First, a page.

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Promiscuous Reading; My Christmas Wish List

December 10, 2010 | by

I have this compulsion where I read the first one hundred pages of a book, and then stack it on my bedside table. I never finish them—call me promiscuous. But I feel guilty not finishing books! What do you advise? —P.

There’s nothing wrong with not finishing a book. Samuel Johnson, surely one of the great readers of all time, claimed to feel guilty because he almost never read a book to the end—but still, he didn’t. Finish them, I mean. Why should you read a book just because it’s there, or (worse) because you read it yesterday? Completism is the bugbear of actual reading. There are books even by some of my favorite authors that I have never looked at and never plan to. If you really love Henry Green’s Loving, why should you have to read Living? And, really, how many second acts redeem a slow act one? I say, enjoy your promiscuity and keep reading new things. (But better make space on your bedside table!)

Can you recommend any good gifts for the holiday season? What do you want? —Erica

Let the record show that I have my doubts about this question. It has an intern-y je ne sais quoi. But on the off chance that it isn’t a ringer ... there is just one thing I want for Christmas—the same thing everybody wants: a Paris Review Holiday Gift Set! I want the special new T-shirt. I want the subscription. I want the card designed by our own assistant editor, Stephen Andrew Hiltner, in the shade that our managing editor, Nicole Rudick, has taught us to call “wintery blue.”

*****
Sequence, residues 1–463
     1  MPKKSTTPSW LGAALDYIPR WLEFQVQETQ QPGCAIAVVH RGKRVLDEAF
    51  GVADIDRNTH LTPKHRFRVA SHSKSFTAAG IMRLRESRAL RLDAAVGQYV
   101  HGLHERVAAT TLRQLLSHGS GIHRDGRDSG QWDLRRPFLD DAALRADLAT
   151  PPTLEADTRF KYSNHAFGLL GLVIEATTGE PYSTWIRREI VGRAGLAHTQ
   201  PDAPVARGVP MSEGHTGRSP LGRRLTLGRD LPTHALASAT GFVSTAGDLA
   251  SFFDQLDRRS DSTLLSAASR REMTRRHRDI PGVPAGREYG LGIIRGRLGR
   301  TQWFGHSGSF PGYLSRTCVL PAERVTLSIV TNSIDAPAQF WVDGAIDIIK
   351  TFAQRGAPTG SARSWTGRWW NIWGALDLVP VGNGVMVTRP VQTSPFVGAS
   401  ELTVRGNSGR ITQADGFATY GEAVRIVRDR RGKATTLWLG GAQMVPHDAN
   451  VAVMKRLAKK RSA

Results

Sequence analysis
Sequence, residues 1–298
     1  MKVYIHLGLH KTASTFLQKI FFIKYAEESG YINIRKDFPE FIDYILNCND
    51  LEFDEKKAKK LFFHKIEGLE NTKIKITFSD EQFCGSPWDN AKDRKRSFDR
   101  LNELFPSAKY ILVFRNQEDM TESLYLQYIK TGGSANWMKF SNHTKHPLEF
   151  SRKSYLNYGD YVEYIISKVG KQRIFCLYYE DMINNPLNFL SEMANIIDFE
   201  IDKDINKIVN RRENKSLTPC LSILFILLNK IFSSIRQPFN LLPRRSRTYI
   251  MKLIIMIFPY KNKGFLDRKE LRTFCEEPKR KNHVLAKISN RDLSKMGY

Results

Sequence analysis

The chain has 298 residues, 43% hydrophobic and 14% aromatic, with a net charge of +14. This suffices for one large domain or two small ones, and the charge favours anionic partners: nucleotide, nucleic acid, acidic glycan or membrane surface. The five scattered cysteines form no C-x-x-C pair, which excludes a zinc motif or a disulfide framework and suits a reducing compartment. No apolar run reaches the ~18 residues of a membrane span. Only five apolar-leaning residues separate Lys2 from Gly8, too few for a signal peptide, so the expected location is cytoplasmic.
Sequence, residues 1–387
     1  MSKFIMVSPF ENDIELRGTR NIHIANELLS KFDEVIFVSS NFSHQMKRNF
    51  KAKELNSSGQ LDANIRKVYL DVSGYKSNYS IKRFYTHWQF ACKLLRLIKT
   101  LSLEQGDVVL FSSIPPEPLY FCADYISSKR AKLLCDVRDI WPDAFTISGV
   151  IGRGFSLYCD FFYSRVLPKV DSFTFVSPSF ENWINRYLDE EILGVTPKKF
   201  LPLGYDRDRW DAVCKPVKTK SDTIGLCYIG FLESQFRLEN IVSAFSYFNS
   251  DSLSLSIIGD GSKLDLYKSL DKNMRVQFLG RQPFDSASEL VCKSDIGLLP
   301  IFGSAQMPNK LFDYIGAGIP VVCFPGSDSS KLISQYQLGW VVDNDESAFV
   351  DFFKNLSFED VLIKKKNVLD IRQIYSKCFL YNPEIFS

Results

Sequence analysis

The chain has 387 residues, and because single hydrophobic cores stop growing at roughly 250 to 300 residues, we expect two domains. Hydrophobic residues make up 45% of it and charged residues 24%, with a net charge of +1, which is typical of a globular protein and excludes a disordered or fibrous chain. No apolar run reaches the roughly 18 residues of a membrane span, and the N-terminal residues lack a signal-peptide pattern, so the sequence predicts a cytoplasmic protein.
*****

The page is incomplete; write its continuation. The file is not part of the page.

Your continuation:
There. I’ve said it. And you interns—Brenda, Miranda, Katy, Alexandra—if this question did come from one of you, please understand that this is not the way we do things on White Street. I plan to launch a thorough investigation first thing next week.

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5 COMMENTS

4 Comments

  1. Will @ AJRMS | December 10, 2010 at 1:59 pm

    My dad, a (finally) retired police detective and the most compulsive reader I know, claims that he finishes every book he starts. I always thought this was completely insane. And how can I give him a book knowing he might torture himself with it?

    Another way to avoid guilt, P., is to keep in mind that most books have crappy endings.

  2. Carol Sanders | December 10, 2010 at 3:33 pm

    Life’s too short to drink bad wine, eat bad food, or to finish books that are boring. Would you feel guilty not finishing a pie that was terrible or a glass of wine that was too tart?

  3. ann | December 10, 2010 at 10:03 pm

    If unfinished books make you feel guilty on the night table, you can:
    Pass them along to a friend
    Donate them to the local library’s used book sale
    Get a wood stove and heat the house with them.

  4. J.S. | December 15, 2010 at 3:50 pm

    Quoth John Irving in no. 100:

    “Grown-ups shouldn’t finish books they’re not enjoying. When you’re no longer a child, and you no longer live at home, you don’t have to finish everything on your plate.”

    Another reason to read the Paris Review interviews, I guess!

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